The disclosed DS-UWB embodiment is based on the use of high-rate coded UWB pulses to provide scalable performance. In particular, the disclosed embodiment is based on the use of variable length codes to provide scalable data rates exclusively using binary phase-shift-keying (BPSK) of UWB pulse sequences. Embodiments of the DS-UWB system support data rates of 28, 55, 110, 220, 500, 660, 1000, & 1320 Mbps, as shown in Table 1 below.
This scalable support is achieved through the use of a fixed UWB “chip rate” in conjunction with variable length “spreading” code words and different forward error correction (FEC) rates (e.g., ½, ¾, and 1), to efficiently scale data rates. A brief discussion of terminology is given below for the sake of clarity.
In one embodiment of the present invention, each bit of data is represented by a bi-phase modulated symbol (also called a code word). Each symbol is in turn formed from one or more chips, which may themselves be modulated (e.g., using binary or ternary modulation). These chips may be formed from a variety of wavelet types. However, in many embodiments, the chips are each made up of one or more cycles of a carrier waveform.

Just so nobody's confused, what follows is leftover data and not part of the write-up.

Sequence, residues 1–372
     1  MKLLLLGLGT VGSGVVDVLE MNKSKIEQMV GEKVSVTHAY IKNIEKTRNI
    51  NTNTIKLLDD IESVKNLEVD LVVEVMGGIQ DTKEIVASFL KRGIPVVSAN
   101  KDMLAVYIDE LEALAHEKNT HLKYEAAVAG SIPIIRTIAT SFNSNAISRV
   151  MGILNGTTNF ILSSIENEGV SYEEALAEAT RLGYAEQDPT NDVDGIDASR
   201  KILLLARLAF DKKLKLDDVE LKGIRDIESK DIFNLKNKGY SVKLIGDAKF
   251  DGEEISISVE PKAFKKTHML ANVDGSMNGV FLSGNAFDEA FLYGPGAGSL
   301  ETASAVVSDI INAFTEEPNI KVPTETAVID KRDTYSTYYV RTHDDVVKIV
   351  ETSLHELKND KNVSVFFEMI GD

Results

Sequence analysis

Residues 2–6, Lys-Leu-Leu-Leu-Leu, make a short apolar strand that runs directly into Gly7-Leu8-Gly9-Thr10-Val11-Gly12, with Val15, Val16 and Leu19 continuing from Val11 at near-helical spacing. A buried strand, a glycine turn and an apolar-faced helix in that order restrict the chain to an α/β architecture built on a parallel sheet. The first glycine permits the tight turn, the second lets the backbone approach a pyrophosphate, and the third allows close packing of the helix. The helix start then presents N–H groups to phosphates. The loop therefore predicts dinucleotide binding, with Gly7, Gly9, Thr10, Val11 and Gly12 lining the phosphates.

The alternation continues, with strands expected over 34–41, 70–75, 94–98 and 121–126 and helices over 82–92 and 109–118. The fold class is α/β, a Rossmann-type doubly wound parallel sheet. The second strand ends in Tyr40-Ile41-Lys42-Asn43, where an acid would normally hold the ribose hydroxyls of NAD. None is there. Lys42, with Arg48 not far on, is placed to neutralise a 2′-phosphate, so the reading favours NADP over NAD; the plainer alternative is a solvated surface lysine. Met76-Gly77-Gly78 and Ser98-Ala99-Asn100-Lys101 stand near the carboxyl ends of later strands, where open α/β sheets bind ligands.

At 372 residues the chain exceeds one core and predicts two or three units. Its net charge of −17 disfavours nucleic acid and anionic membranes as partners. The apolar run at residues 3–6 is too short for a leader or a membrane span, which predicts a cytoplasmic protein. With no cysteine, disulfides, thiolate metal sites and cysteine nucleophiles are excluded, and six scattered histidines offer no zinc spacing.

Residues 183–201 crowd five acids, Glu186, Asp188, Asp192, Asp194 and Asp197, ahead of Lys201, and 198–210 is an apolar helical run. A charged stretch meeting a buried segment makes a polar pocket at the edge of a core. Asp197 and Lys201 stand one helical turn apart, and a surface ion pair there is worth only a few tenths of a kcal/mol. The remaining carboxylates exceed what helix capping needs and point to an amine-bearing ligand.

In one particular embodiment, the chips are root-raised cosine (RRC) pulse with 30% excess bandwidth. In particular, each chip (i.e., each pulse) may comprise three cycles of an RRC signal. In alternate embodiments, different chips can be used. For example, a Gaussian monopulse could be used as a chip. Numerous other wavelets can be used as chips, however, depending upon the requirements of the UWB system.
Each symbol (i.e., each code word) may be made up of a sequence of L chips, which are used to represent a single data bit. In particular, each L-chip sequence may be modulated by the value of a data bit, i.e., the L chips in the sequence are each multiplied by either +1 (i.e., they remain unchanged), or by −1 (i.e., they are inverted) to indicate a digital “1” or “0.” This modulation process produces a binary-phase-shift-keyed (BPSK) signal. In addition, as noted above, the L-chip sequences can themselves be encoded using a binary or ternary code.
By way of example, a ternary system will be described. A binary system would follow the same modulation procedure as a ternary system, except that modulation values of 0 would not be allowed.
When encoding chips using ternary modulation, rather that having the L-chip sequences being just a repetition of L identical chips in the same orientation, individual chips within the L-chip sequence can be modulated according to a ternary value, i.e., one of +1, −1, or 0. For example, one 12-bit chip might have a sequence of 1 1 −1 0 0 1 −1 −1 −1 0 1 1, i.e., it is made up of a series of 12 chips, each multiplied by the corresponding value in the 12 value ternary sequence.